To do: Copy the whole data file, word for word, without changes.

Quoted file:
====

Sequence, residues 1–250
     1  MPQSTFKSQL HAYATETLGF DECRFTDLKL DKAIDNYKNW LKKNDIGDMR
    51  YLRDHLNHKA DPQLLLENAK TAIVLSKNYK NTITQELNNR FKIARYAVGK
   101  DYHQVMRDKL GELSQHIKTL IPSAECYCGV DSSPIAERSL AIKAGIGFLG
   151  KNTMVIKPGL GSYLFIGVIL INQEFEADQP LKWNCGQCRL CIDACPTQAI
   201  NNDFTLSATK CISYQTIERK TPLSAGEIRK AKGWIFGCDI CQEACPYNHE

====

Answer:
Sequence, residues 1–250
     1  MPQSTFKSQL HAYATETLGF DECRFTDLKL DKAIDNYKNW LKKNDIGDMR
    51  YLRDHLNHKA DPQLLLENAK TAIVLSKNYK NTITQELNNR FKIARYAVGK
   101  DYHQVMRDKL GELSQHIKTL IPSAECYCGV DSSPIAERSL AIKAGIGFLG
   151  KNTMVIKPGL GSYLFIGVIL INQEFEADQP LKWNCGQCRL CIDACPTQAI
   201  NNDFTLSATK CISYQTIERK TPLSAGEIRK AKGWIFGCDI CQEACPYNHE